Testing Package Implementation from 'the Outside'
Sometimes you need to test a package’s implementation from outside of the package containing the implementation you’d like to test. This post briefly covers why this need arises and how we can meet that need. Much of the information here is already covered in Andrew Gerrand’s testing techniques talk, so if you’ve watched that, you’ll probably only think the last section of this post is interesting. Why? Like I just said, sometimes you need to test a package’s implementation from outside of the package containing the implementation you’d like to test.…
Table-driven tests with Gomock
Table-driven tests are a common testing pattern for go tests. Since I recently started working with gomock, I wondered if there was a way to use table-driven tests with gomock mocks. It turns out that this is definitely possible, and that’s what this post is about. Before I show how to combine table-driven tests with gomock mocks, I briefly review how gomock and table-driven tests work and I try to show why you might want to combine table-driven tests with mocks in the first place.…
Integration Tests in Go
Although Go has support for testing built in to its toolchain, certain kinds of testing can be a bit tricky. For example, it may not be immediately obvious how you would go about writing and running integration tests in go. This post contains info on how to write and run integration tests for your go code. Clarifying Terms As I’ve said before, many terms in software are vague or ambiguous. So, before I get into how to write and run integration tests, let’s make sure we’re referring to the same thing when we use the word “integration” test.…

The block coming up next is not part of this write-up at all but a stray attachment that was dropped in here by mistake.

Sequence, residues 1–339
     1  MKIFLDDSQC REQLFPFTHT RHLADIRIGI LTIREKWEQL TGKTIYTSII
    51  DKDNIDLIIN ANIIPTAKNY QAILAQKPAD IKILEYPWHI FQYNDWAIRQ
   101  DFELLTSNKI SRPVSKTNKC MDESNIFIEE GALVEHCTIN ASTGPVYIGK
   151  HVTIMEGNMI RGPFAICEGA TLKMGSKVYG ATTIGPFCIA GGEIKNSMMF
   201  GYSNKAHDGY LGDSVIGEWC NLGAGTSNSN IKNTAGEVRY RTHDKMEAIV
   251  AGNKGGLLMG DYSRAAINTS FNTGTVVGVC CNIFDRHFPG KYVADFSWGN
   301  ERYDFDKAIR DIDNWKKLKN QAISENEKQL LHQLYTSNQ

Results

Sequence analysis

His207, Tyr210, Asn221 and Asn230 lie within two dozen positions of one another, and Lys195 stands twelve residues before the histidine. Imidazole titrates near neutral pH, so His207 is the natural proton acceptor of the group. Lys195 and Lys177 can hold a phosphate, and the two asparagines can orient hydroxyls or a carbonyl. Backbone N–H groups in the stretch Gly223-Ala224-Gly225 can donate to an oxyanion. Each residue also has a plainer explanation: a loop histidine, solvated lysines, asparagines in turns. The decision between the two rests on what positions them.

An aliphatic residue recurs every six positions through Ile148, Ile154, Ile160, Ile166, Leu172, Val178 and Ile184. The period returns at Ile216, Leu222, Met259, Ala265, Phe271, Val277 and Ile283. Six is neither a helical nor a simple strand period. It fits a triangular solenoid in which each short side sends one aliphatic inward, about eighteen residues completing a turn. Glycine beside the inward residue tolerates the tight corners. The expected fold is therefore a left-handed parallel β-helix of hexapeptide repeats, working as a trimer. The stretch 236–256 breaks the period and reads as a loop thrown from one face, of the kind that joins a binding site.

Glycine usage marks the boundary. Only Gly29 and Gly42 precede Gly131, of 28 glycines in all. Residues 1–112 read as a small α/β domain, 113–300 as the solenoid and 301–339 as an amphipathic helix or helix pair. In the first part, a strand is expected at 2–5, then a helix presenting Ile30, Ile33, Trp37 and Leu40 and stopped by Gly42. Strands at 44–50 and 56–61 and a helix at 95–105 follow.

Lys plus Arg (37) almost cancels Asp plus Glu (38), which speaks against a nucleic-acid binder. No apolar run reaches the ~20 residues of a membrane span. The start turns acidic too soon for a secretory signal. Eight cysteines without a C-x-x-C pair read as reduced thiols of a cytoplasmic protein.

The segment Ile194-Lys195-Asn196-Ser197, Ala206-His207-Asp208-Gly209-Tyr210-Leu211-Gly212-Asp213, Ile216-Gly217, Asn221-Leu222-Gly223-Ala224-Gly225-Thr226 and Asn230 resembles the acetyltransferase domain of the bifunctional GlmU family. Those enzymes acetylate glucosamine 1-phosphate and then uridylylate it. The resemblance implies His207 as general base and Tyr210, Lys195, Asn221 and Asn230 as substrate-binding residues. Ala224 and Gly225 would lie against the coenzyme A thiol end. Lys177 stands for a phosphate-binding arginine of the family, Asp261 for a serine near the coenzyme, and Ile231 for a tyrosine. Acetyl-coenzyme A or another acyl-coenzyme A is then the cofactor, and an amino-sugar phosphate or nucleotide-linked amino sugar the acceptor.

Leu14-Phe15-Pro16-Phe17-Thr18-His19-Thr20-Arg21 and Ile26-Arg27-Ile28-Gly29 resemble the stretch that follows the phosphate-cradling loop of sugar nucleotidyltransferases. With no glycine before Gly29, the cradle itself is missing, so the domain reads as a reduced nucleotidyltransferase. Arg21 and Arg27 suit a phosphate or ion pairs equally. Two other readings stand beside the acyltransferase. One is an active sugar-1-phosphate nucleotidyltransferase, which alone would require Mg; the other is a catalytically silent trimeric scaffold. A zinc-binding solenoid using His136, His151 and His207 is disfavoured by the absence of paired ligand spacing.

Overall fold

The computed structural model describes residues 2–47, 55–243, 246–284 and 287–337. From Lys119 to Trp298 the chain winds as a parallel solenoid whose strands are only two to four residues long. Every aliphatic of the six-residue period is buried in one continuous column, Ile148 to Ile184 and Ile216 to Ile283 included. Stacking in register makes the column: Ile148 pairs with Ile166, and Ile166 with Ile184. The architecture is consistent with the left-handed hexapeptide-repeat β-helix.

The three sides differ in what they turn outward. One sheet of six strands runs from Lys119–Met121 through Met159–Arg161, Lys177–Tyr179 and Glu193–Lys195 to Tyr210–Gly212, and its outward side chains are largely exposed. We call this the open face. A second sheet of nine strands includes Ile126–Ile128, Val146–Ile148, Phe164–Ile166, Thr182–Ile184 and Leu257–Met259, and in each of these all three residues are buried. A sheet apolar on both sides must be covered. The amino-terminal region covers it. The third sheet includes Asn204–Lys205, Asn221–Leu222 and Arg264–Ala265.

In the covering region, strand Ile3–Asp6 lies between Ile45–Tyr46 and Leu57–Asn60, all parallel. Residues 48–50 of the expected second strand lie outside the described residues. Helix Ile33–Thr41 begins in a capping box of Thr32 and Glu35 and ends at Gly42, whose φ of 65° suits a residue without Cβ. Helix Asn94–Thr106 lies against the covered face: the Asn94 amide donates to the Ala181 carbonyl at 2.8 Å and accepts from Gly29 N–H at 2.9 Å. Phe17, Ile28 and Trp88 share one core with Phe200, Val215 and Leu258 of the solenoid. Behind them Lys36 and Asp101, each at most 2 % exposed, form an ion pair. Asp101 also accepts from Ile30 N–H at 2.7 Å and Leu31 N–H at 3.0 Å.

Getting started with Gomock
In my last post, I talked about why I started using gomock, a mocking library that facilitates testing in go. If you found what I said in that post at all compelling, you might have decided to give gomock a try and you might have noticed that the documentation isn’t as helpful as it could be. This post is meant to supplement the documentation. It’s a brief tutorial on how to get started with gomock. …
Should we use mocking libraries for go testing?
A few weeks ago, I started learning go. Since I’m a wannabe TDD-er, I took a look at some resources on testing go code. I stumbled upon Andrew Gerrand’s excellent Testing Techniques talk in which he says this: Go eschews a lot of things, including mocks and fakes. “Alright cool,” I thought to myself. I’m down to “do as the gophers do” and eschew mocks. Later on during his talk, Andrew Gerrand mentions gomock, a mocking library, and reluctantly says [mocking libraries like gomock] are fine, but I find that on balance the hand-written fakes tend be easier to reason about and clearer to see what's going on, but I'm not an enterprise go programmer so maybe people do need that so I don't know, but that's my advice. Of course, after hearing that, I felt a little confused and unsure whether I should refrain from using mocking libraries in go. To make matters worse, I took a look at gomock and was surprised to find that its written by two engineers at Google. At that point, it seemed that the question of whether we should use a mocking library while testing go code is a bit of a contentious question, even within Google. I found the seeming contentious nature of this question pretty unhelpful and confusing when I was trying to get a handle on how to write good go code. However, it led me to do some research on the pros and cons of mocking libraries vs hand-written mocks, and in this post, I present the conclusions I came to based on my research: The apparent contentiousness about whether to use use a mocking library if probably partially due to vague terminology. If we are clear about our terms, the argument against using mocking libraries is not very compelling. …